For Coltrane fanatics, Live Trane represents another part of the endless jigsaw of recordings from live sources that have proliferated since his death. For the average jazz fan, it's a concentrated dose that gives a European dimension to the Impulse documentation of what the great man was doing with his working band live in the US in the early 1960s. All seven CDs are drawn chronologically from three tours Coltrane made of western Europe under the auspices of Norman Granz between November 1961 and November 1963: the recordings gather together and correctly identify (for the first time) the dates and locations of all the previous Pablo releases of this material. (Granz had no interest in such anorak activities). There is four hours of material culled from Granz's tapes of the tours that Pablo held back before this. Quite a lot of it has been floating around on bootleg LPs and CDs for years, but there are genuine discoveries--for example, the 25 November appearance in Hamburg (in poor sound, by the way, with Tyner on an out of tune piano) is even listed by the indefatigable Coltrane discographer Yashuro Fujioka as "three long titles, details unknown", with no indication that the concert was even recorded. A November 17, 1962 Paris appearance that is well represented here is almost as undocumented. So there's plenty of rare Coltrane to feast your ears on here, plus a fair sampling across two CDs of 1961-vintage Eric Dolphy. However, there is still unreleased music from the same concerts, and the remastering has often opted for a reverb-dominated sound and occasionally makes the music sound ghostly and diffused. This is an important document, then, but not a perfect one. --Keith Shadwick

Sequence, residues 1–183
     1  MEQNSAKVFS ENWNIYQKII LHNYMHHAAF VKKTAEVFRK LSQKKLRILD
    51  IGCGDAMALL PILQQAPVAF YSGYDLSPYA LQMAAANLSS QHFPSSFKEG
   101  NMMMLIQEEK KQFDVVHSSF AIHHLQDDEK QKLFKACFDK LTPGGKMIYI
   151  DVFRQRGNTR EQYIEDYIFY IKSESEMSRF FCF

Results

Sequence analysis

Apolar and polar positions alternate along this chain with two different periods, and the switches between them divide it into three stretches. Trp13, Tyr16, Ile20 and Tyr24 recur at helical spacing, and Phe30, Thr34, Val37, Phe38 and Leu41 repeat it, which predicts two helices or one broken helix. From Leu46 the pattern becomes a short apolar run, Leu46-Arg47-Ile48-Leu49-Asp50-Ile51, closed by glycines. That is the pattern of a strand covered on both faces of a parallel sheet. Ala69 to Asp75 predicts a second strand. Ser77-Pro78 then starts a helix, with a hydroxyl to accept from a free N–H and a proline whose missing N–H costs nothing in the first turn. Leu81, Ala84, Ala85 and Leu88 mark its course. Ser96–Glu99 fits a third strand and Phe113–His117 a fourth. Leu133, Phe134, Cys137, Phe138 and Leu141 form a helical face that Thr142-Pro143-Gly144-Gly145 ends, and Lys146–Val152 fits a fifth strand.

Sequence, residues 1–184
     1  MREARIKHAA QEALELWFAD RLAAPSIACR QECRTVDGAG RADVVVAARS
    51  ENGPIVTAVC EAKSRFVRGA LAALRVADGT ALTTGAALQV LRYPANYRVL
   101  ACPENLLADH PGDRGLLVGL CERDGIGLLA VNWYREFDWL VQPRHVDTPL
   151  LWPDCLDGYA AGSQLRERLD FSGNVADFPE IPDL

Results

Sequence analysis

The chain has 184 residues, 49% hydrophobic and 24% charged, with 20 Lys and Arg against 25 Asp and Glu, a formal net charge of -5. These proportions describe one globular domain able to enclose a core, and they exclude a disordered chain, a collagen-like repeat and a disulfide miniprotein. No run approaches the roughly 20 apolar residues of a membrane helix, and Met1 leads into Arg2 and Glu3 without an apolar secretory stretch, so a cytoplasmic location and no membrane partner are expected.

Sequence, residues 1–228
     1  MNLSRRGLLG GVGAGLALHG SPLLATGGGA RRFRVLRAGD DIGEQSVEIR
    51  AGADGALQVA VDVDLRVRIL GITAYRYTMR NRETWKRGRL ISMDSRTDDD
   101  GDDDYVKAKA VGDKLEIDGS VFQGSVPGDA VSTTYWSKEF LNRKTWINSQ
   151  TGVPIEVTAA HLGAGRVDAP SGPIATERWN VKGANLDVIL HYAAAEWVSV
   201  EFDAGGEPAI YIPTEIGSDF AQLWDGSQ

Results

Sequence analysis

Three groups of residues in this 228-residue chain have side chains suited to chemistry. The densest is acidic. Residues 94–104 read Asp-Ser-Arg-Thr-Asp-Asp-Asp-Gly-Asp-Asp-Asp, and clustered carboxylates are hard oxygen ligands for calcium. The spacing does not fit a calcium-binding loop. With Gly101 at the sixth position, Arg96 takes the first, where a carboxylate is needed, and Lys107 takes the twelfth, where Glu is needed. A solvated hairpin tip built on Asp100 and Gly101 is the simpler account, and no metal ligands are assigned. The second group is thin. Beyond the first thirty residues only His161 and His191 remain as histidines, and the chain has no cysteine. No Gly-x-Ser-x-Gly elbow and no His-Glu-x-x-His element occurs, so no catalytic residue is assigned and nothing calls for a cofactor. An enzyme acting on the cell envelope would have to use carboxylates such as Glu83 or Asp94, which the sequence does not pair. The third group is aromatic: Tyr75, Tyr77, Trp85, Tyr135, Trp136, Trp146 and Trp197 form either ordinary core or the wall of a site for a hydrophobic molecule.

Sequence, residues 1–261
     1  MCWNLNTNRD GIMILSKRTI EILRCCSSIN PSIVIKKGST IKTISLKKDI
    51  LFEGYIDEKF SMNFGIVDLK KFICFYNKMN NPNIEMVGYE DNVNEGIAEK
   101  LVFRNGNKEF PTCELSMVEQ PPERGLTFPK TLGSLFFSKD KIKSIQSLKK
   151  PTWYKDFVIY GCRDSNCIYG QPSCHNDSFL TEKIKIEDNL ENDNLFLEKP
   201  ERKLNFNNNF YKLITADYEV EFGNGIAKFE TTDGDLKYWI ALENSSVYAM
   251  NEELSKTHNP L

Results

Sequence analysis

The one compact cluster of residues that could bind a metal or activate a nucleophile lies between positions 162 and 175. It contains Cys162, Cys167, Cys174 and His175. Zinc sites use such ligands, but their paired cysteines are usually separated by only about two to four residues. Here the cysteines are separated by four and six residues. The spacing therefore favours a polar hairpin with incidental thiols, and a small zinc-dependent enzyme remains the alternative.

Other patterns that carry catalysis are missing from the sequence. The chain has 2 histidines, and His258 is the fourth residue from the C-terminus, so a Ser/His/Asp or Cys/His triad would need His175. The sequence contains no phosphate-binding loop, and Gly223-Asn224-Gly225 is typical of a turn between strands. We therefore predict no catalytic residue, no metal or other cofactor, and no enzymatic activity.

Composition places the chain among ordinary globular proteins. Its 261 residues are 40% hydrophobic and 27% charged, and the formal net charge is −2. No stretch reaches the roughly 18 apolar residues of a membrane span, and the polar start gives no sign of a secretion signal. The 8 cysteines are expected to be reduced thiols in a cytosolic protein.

Customer Reviews

4.7 out of 5 stars
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3 of 3 people found the following review helpful By A Customer on Jan. 25 2002